10.10+   Agreement for Chairman of Board of Directors among Carolco Pictures, Inc., certain shareholders of the Company and Mario Kassar dated as of February 13, 2015 (Incorporated by reference to Exhibit 10.1 to the Company’s Current Report on Form 8-K filed with the SEC on February 17, 2015).
     
10.11+   Agreement dated April 29, 2015, by and between Carolco Pictures, Inc. and Mario Kassar (Incorporated by reference to Exhibit 10.1 to the Company’s Current Report on Form 8-K filed with the SEC on May 4, 2015).
     
10.12   Form of Securities Purchase Agreement (Incorporated by reference to Exhibit 10.1 to the Company’s Current Report on Form 8-K filed with the SEC on October 9, 2015).

 

10.13   Convertible promissory note in favor of Alexander Bafer for $46,000, dated July 9, 2015 (Incorporated by reference to Exhibit 10.14 to the Company’s Quarterly Report on Form 10-Q for the quarterly period ended September 30, 2015 filed with the SEC on November 16, 2015).
     
10.14   Convertible promissory note in favor of Alexander Bafer for $51,000 dated July 9, 2015 (Incorporated by reference to Exhibit 10.15 to the Company’s Quarterly Report on Form 10-Q for the quarterly period ended September 30, 2015 filed with the SEC on November 16, 2015).
     
10.15   Convertible promissory note in favor of Alexander Bafer for $102,000 dated July 9, 2015 (Incorporated by reference to Exhibit 10.16 to the Company’s Quarterly Report on Form 10-Q for the quarterly period ended September 30, 2015 filed with the SEC on November 16, 2015).
     
10.16   Convertible promissory note in favor of Alexander Bafer for $156,000 dated July 9, 2015 (Incorporated by reference to Exhibit 10.17 to the Company’s Quarterly Report on Form 10-Q for the quarterly period ended September 30, 2015 filed with the SEC on November 16, 2015).
     
10.17   Convertible promissory note in favor of Alexander Bafer for $189,000 dated July 9, 2015 (Incorporated by reference to Exhibit 10.18 to the Company’s Quarterly Report on Form 10-Q for the quarterly period ended September 30, 2015 filed with the SEC on November 16, 2015).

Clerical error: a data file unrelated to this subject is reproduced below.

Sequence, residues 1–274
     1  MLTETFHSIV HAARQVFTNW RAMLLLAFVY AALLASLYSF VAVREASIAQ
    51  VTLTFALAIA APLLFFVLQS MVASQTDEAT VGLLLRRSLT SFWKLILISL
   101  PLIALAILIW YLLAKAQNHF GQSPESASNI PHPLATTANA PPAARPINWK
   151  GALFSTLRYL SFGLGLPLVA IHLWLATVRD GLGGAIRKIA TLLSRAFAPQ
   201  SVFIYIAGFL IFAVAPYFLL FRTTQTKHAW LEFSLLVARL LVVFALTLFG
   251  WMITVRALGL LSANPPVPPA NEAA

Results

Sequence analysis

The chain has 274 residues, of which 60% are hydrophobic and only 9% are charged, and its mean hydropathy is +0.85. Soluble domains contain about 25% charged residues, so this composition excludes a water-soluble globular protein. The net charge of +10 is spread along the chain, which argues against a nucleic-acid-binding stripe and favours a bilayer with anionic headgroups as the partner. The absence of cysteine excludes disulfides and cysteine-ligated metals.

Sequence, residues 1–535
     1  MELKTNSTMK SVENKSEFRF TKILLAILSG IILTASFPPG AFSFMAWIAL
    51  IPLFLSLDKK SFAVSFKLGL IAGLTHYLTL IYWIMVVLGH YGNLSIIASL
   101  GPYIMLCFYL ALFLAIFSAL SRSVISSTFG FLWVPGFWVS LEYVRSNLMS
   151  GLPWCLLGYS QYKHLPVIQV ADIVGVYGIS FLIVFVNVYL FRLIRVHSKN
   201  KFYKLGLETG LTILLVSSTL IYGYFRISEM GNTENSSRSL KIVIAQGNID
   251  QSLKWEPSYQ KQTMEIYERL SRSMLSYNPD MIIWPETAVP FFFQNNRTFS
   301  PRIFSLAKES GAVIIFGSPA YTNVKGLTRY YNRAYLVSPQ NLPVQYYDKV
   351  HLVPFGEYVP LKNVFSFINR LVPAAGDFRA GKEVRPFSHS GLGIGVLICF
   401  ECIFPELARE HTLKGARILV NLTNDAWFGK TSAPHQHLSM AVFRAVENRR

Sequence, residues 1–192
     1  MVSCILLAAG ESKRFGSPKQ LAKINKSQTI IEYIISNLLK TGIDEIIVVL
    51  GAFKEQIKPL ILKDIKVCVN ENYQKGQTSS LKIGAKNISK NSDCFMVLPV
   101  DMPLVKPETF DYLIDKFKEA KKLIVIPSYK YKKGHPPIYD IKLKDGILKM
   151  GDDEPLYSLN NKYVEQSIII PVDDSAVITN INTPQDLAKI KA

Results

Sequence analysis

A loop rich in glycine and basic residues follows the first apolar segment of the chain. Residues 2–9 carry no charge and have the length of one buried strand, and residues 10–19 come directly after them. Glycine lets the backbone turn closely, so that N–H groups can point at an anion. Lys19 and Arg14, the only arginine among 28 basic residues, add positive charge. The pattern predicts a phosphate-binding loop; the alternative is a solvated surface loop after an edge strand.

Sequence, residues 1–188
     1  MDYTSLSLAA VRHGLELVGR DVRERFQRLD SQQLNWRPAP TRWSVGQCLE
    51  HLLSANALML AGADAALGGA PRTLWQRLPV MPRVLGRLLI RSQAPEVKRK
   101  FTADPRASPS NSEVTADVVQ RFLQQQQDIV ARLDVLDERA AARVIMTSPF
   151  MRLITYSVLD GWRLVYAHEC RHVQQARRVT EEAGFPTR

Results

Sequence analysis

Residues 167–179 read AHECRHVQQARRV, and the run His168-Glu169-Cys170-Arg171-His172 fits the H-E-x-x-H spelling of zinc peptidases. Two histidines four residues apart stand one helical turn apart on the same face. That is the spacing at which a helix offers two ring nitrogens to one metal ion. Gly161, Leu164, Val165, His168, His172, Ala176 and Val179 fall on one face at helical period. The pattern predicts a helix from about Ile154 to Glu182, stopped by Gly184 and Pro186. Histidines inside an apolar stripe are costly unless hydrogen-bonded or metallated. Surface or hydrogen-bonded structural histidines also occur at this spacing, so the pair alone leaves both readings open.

10.18   Convertible promissory note in favor of Vis Vires Group, Inc. $53,000 dated July 10, 2015 (Incorporated by reference to Exhibit 10.19 to the Company’s Quarterly Report on Form 10-Q for the quarterly period ended September 30, 2015 filed with the SEC on November 16, 2015).
     
10.19   Stock Purchase Agreement, dated as of June 22, 2016 by and between Tarek Kirschen, South Centre, Inc. and Carolco Pictures, Inc. (Incorporated by reference to Exhibit 10.1 to the Company’s Current Report on Form 8-K filed with the SEC on June 28, 2016).
     
10.20   Amendment No. 1 to Stock Purchase Agreement, dated as of June 24, 2016, by and between Tarek Kirschen, South Centre, Inc. and Carolco Pictures, Inc. (Incorporated by reference to Exhibit 10.2 to the Company’s Current Report on Form 8-K filed with the SEC on June 28, 2016).
     
10.21   Release and Issuance Agreement, dated as of June 22, 2016, by and between Tarek Kirschen, South Centre, Inc., Alexander Bafer and Carolco Pictures, Inc. (Incorporated by reference to Exhibit 10.3 to the Company’s Current Report on Form 8-K filed with the SEC on June 28, 2016).
     
10.22   Letter Agreement between Carolco Pictures, Inc. and Esposito Partners, PLLC (Incorporated by reference to Exhibit 1.1 to the Company’s Current Report on Form 8-K filed with the SEC on July 6, 2016).

 

  30  
   

 

     
10.23   Redemption Agreement, dated as of July 21, 2016, by and between South Centre, Inc. and the Company (Incorporated by reference to Exhibit 10.7 to the Company’s Current Report on Form 8-K filed with the SEC on July 26, 2016).
     
10.24   Contribution Agreement, dated as of July 25, 2016, by and between the Company and the other parties thereto (Incorporated by reference to Exhibit 10.8 to the Company’s Current Report on Form 8-K filed with the SEC on July 26, 2016).
     
10.25+   Employment Agreement, dated as of July 25, 2016, by and between the Company and Bradley Albert (Incorporated by reference to Exhibit 10.9 to the Company’s Current Report on Form 8-K filed with the SEC on July 26, 2016).
     
10.26+   Employment Agreement, dated as of July 25, 2016, by and between the Company and Justin Morris (Incorporated by reference to Exhibit 10.10 to the Company’s Current Report on Form 8-K filed with the SEC on July 26, 2016).